3rd Annual AADS Humanities Afternoon Afro-Homo: Norming Nation, Norming Sex

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Venue:Green Library, Room 220

Third African & African Diaspora Studies Humanities Afternoon

AFRO – HOMO: NORMING NATION, NORMING SEX

Florida International University
November 9, 2012
Modesto Maidique Campus
11200 SW 8th Street
Green Library, Room 220
Miami, FL 33199

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Organized by the African & African Diaspora Studies Program, and co-sponsored by:

AADS Graduate Student Association, Books and Books, Council of Student Organizations, Center for the Humanities in an Urban Environment,Departments of English,FIU Alumni Association, Global and Social Cultural Studies,Modern Languages,Politics and International Relations,The Latin American and Caribbean Center,The Women's Studies Center, and WPBT2.
Program of Events

The last several years have seen escalating concerns in the global north (largely the US and EU) for the rights of lesbian, gay, bisexual, transgender, queer or otherwise non-normatively identified sexual minorities in Africa, Asia, Latin America and the Caribbean. Acts of violence against queer individuals and communities now command global publicity. Such concern tends to “norm” the nations of the global south as innately homophobic while simultaneously bringing them into alignment with supposedly “Western” social and political norms.

Nowhere has worry over anti-queer violence been more vocally pronounced than in 2010, as Western gay-rights activists and some “first-world” governments denounced the nation of Uganda for its so-called “Kill the Gays” legislation. Promoted by a handful of anti-gay campaigners in Uganda, and their US supporters in the Christian far right, this legislation would have augmented the criminal penalty of “aggressive homosexuality” to include capital punishment. In the years that followed, new criminal statutes against homosexuality were introduced in several African nations, which had already made homosexuality a serious offence. Many of these targeted same-sex marriage in particular as a pernicious social and sexual dynamic imported from the West.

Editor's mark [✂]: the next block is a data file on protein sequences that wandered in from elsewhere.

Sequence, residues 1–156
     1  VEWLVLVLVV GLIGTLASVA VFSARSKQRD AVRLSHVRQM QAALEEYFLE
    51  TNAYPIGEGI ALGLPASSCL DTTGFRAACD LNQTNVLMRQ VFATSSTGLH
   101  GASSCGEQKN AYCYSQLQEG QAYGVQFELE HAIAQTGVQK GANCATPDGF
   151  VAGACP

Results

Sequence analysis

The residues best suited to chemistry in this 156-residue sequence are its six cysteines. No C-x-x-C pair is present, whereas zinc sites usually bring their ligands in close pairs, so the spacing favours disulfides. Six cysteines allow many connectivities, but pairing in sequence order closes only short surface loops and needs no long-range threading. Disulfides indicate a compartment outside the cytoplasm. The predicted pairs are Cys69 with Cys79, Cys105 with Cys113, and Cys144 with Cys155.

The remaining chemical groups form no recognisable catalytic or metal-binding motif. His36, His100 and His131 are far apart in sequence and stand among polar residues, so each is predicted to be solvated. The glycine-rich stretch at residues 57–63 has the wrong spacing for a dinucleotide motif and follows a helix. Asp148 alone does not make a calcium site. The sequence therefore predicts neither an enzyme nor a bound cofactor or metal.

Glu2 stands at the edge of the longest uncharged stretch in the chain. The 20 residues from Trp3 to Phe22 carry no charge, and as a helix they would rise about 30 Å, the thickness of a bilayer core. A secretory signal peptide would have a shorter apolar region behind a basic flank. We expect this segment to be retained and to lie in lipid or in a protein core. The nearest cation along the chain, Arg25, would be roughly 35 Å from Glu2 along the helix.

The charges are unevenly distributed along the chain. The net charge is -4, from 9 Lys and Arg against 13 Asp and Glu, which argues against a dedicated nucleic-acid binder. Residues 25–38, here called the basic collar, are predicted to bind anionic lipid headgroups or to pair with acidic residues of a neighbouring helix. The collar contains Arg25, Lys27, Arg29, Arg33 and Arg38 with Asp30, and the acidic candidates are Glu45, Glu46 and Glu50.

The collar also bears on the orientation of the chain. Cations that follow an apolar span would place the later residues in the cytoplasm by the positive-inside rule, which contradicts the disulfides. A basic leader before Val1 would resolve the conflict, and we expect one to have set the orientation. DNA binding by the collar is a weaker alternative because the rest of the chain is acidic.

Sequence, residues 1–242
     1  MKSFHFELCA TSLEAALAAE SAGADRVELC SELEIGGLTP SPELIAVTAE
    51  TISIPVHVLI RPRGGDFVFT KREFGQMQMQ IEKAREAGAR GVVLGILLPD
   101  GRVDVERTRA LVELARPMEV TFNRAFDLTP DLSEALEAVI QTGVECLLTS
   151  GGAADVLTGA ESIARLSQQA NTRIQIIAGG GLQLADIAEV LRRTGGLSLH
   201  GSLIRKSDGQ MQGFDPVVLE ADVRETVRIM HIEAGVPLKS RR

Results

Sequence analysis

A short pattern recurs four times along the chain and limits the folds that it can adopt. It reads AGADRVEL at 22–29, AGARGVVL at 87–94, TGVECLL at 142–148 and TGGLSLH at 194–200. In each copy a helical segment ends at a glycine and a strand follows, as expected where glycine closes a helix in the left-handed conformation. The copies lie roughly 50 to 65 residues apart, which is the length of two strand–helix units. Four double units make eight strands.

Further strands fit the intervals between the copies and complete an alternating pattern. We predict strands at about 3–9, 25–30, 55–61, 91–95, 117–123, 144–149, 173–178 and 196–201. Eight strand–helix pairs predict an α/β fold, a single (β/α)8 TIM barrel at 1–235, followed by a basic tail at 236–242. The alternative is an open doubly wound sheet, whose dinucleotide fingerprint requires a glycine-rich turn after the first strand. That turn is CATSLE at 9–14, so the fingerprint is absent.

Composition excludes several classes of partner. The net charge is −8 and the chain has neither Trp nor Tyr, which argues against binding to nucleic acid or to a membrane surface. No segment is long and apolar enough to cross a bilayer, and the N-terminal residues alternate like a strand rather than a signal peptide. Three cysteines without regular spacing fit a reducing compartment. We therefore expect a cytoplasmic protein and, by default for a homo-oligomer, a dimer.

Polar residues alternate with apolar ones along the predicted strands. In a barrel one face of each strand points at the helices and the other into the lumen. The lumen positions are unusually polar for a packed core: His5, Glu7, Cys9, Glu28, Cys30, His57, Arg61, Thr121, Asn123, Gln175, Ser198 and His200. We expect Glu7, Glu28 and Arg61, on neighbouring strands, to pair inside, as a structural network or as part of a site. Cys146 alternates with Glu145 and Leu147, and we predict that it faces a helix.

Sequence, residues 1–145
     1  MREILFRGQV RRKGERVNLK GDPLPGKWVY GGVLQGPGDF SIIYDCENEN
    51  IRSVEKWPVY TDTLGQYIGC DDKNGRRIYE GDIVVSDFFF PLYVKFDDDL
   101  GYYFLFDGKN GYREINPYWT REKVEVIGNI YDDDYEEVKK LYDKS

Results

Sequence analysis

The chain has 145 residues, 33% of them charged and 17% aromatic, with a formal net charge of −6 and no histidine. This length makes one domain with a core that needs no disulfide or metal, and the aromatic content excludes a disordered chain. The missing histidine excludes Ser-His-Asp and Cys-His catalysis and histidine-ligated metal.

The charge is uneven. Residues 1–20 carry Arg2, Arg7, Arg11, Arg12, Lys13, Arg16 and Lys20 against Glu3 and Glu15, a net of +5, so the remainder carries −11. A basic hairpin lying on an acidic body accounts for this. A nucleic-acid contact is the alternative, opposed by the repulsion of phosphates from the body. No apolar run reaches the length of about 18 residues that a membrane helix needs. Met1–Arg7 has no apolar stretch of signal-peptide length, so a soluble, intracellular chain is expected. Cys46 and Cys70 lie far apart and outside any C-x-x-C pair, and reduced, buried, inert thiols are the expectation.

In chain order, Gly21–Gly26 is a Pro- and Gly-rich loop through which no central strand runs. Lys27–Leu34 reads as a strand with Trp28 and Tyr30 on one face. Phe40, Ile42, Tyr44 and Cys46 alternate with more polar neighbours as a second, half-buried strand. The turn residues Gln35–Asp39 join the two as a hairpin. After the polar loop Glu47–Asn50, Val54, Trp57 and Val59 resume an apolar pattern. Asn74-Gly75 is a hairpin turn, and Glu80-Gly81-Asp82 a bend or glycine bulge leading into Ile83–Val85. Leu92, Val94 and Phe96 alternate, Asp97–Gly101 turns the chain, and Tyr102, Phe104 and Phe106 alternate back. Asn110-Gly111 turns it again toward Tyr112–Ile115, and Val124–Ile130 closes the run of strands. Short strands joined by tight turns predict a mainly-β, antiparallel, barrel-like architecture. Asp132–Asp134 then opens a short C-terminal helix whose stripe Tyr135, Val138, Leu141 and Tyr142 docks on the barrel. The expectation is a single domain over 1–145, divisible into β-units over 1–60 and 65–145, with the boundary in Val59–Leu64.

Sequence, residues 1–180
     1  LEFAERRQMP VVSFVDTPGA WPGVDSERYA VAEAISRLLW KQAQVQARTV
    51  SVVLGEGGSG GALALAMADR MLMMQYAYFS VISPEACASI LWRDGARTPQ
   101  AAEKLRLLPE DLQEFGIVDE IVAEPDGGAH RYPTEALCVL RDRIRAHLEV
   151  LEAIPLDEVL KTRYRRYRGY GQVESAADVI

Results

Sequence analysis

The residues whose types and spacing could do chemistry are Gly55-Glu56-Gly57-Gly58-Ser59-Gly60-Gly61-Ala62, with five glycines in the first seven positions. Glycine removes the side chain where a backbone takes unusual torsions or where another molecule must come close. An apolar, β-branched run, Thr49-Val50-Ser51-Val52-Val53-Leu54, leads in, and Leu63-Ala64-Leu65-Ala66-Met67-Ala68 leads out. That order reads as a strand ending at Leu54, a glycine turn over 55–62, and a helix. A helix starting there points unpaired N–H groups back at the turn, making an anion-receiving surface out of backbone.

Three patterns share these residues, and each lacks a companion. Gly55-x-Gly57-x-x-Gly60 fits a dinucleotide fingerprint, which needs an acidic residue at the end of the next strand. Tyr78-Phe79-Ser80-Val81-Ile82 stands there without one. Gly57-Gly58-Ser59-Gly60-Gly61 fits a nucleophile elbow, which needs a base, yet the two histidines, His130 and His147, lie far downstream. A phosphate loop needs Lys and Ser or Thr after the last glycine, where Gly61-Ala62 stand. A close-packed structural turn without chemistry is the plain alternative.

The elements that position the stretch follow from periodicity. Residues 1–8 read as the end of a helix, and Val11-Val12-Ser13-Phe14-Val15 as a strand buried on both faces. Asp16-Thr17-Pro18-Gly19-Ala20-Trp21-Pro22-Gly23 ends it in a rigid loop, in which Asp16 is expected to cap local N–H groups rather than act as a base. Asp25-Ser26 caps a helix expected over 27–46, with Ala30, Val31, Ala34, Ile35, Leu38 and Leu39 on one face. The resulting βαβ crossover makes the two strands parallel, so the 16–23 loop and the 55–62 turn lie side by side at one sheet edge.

Although new laws targeting queers concern rights activists working across Africa, the outrage directed at already fragile states in the sub-Sahara by key western leaders/the west has been noted. This includes:

• Prime Minister David Cameron’s late-2011 threat to suspend development assistance, if not humanitarian aid, to African nations that passed any additional laws targeting sexual minorities; • Hilary Clinton’s chastising rhetoric in her speech delivered before the UN declaring “gay rights are human rights;” • and the UN Secretary-General Ban Ki-Moon’s own request that laws criminalizing homosexuality be universally lifted by member states.

Indeed, with regard to African foreign policy and rights agendas, the last two years have been punishing ones.

Might we describe this moment as the queer disciplining of Africa and the Caribbean? What assumptions and attitudes persist when the global north gazes down upon predominantly black African and Afro-Caribbean nations like Uganda or Jamaica?